Next, you have to establish yourself as an authority figure in the industry that you’re writing about. Readers need to trust that the information and advice you share is sound. 

Imagine reading about cooking techniques from someone whose version of cooking is reheating frozen meals. Without the experience, you wouldn’t trust what they are telling you. 

Before you can even convince readers, you have to convince the agent or publisher that you are an authority in the space. 

Explain why you are the best person to write this book. Layout your relevant credentials. 

Describe the Outline  

Summarize each chapter in the book with one paragraph. Use the third person and present tense to outline the content, purpose, and takeaway for each chapter. This should be up to 800 words. 

Key Qualities of a Nonfiction Synopsis

  • Present the main question or problem in a way that will seem interesting even to those unfamiliar with the subject. 
  • Explain the importance and relevance of the main question or problem. 
  • Demonstrate public interest in the subject and how it will appeal to a large enough market niche. 
  • Showcase your authority to write this book. 

 

Nonfiction Synopsis Example (Memoir)

Crossing to Invisible by Annie B Seyler

[Context – the world of the story]

As the income gap in America widens and class mobility grinds to a standstill, the national

dialogue around wealth disparity has surged to the foreground. According to a recent New York

Times/CBS News poll, “Americans are broadly concerned about inequality of wealth and

income…Far from a strictly partisan issue, inequality looms large…suggesting that it will outlive

the presidential primary contests and become a central theme in next year’s general election

campaign.” (NYT 6/3/15)

[Protagonist – who is this narrator and what does she believe?]

Amidst the dialogue and debates, one thing is clear: nothing amplifies the issues or humanizes the impact more poignantly than personal stories. But the vast majority of stories are told from only one side of the income gap. Imagine the benefits of adding to the dialogue a personal account of the experience of growing up in both privilege and poverty within one’s own nuclear family. Imagine a story that taps into America’s widespread discomfort with poverty and the social norm that encourages those with means to distance themselves from those who have less. Enter Crossing to Invisible, a provocative memoir that explores the author’s emotional experience of crossing back and forth over the income divide as a teenager and the unmistakable influence of that crossing on her choices as an adult.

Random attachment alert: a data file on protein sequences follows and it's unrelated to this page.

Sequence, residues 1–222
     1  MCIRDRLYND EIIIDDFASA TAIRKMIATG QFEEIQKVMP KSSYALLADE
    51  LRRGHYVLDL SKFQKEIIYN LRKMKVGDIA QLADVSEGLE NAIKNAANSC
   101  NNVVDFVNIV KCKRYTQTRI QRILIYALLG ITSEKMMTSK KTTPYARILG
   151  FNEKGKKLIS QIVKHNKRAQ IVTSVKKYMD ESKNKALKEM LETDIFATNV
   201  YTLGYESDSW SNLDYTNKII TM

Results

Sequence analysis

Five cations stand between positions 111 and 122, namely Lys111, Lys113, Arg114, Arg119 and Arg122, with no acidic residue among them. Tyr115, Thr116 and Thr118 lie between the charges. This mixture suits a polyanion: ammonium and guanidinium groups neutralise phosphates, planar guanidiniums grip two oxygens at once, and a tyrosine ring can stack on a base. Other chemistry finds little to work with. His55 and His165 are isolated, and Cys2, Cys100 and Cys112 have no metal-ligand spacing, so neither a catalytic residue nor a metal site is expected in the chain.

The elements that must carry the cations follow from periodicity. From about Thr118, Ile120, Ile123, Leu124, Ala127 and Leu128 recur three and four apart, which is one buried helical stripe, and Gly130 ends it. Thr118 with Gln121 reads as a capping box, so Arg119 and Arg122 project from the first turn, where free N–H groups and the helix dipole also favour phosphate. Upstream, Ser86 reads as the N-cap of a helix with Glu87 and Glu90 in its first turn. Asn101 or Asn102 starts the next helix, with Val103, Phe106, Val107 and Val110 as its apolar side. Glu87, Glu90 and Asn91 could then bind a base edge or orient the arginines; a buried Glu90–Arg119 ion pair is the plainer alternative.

[Why it matters – the topic, the big idea.]

Wealth disparity has driven a wedge among teenagers’ worlds and many educators and parents

of prep school youth are worried their teenagers are growing up in privileged silos that prevent

them from identifying with anyone who lives on the other side. Today’s youth are tomorrow’s

leaders, so cultivating in them the ability to identify and empathize with all people – across the

class divide – has never been more critical.

[What happens externally and internally + why it matters]

Crossing to Invisible provides a bridge between worlds and a leaping-off point for reflection and

discourse. From a Connecticut prep school to an Ivy League University, the author is immersed

in privilege and taught to achieve, build status, and leverage every opportunity her elite

education offers. But when her mother divorces her wealthy father and willfully remarries into

extreme poverty, the author must choose between honoring the class rules that have shaped her family’s lives for generations or defying the rules, foregoing the rewards, and following her heart.

[What happens externally and internally + why it matters]

Setting aside the distinction that privilege bestows upon her, the author sleeps on a mattress on a barn floor, dumpster dives for pecan rolls behind a Freihofer’s outlet store, and immerses herself in a community that is trapped in a cycle of generational poverty and overlooked in a country that worships what they lack: prestige and money. As the author enters adulthood and faces life’s increasing complexities, she gets trapped between a culture that urges her to leverage her pedigree and a quiet yet pervasive instinct to hide from it.

[Resolution]

Although the author’s story is unusual, many of her feelings are not. Her journey is one from

resistance to acceptance; from resentment to forgiveness; from feeling like something is missing

to feeling whole. It’s a journey in which layers of distortion are peeled away — distortions within

our culture, within her own family, and within herself. It’s a journey that gets beneath the surface

of how we show ourselves in the world and how we see others – even those we pretend are

invisible.

Write Your Synopsis 

Writing a synopsis may seem like a daunting task, but it doesn’t have to be. While it’s certainly frightening to pitch your manuscript to agents and publishers, you have the tools to produce a compelling synopsis. 

Ideally, begin your writing process with the synopsis. This will help you flesh out your concept and narrow in on the purpose of your book. Using the simple approach above, you can write a winning synopsis for nonfiction and fiction books